Belgian Gold Coins from 19th Century Found in France
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Belgian Gold Coins from 19th Century Found in France

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Belgian Gold Coins from 19th Century Found in France

Every so often, the discovery of a hoard of gold coins stirs up excitement and lights up the newswires of the numismatic press.

On rare occasions, someone finds coins that date back to antiquity or the Middle Ages. More often than not, however, the coins found are modern issues from the 20th century.

There are always exceptions to the rule, of course.

Forgotten But Not Lost

Construction workers in France stumbled upon a huge cache of 19th-century gold coins while preparing a condemned property for demolition.

The vacant house, located in Brittany, concealed the incredible hoard beneath its floorboards: the workers found 600 Belgian gold coins in the basement. They were all inside of what is described as a "mysterious, shell-shaped container."

Believe it or not, this isn't the first time that a gold coin hoard has been uncovered in France in recent years. About four years ago, a similar situation in Normandy involving construction on a residential property turned up a half-dozen gold bars and—coincidentally enough—exactly 600 gold coins, all dating to the 1920s.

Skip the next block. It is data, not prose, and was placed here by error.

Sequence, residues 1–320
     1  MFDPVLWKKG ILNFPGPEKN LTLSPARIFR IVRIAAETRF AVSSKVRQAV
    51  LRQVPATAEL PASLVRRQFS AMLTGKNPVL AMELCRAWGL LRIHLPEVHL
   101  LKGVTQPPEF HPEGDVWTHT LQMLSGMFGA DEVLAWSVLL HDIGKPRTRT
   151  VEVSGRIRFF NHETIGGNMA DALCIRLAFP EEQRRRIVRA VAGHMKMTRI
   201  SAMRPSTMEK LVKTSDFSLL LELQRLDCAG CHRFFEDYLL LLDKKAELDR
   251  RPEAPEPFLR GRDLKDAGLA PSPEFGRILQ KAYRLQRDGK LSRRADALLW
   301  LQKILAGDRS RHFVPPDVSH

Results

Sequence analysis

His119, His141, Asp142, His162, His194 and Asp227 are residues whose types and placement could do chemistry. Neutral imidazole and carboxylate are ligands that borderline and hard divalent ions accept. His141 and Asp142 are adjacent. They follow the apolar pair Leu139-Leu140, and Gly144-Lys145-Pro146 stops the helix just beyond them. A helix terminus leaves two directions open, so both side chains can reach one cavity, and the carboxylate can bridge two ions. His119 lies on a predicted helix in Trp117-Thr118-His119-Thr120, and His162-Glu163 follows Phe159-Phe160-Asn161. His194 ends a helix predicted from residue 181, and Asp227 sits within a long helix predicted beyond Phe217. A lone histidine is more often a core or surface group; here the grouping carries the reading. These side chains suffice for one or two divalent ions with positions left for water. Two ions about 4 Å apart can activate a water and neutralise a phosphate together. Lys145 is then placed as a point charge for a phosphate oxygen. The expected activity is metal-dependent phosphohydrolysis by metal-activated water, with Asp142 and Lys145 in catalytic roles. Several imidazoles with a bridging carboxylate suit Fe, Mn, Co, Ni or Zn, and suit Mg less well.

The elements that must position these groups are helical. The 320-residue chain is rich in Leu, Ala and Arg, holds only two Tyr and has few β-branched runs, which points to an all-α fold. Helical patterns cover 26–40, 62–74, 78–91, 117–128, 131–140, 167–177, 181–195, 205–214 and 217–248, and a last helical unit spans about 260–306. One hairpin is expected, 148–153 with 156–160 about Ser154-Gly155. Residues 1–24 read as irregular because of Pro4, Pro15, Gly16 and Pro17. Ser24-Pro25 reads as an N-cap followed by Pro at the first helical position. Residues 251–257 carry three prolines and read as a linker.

This time, the coins are more than 50 years older. Coverage in the Australian news (based on reporting by AP/Reuters) pegs the date of the gold coins at 1870. Each coin bears the right-facing portrait of the notorious King Leopold II on the obverse.

Avoiding the Same Fate

Unfortunately, the case in 2014 was handled improperly by the finders. The coins were worth well over $1 million, but because the owner of the property was never alerted, the subsequent sale of the coins was a violation of French tax law. It was essentially an act of theft.

The difference with the Belgian coins is that the building in this instance was ostensibly abandoned. No property owner, no risk of stealing.

The workers in Brittany nonetheless made the prudent decision to report the discovery to authorities, who are now protecting the treasure while more about its origins is investigated.

Early indications are that the 600 gold coins are valued at about €100,000, or more than $115,000.

The opinions and forecasts herein are provided solely for informational purposes, and should not be used or construed as an offer, solicitation, or recommendation to buy or sell any product.

About the Author

Everett Millman

Everett Millman

Analyst, Commodities and Finance
Managing Editor

Everett has been the head content writer and market analyst at Gainesville Coins since 2013. He has a background in History and is deeply interested in how gold and silver have historically fit into the financial system.

In addition to blogging, Everett's work has been featured in CoinWeek, Advisor Perspectives, Wealth Management, Activist Post, and has been referenced by the Washington Post.

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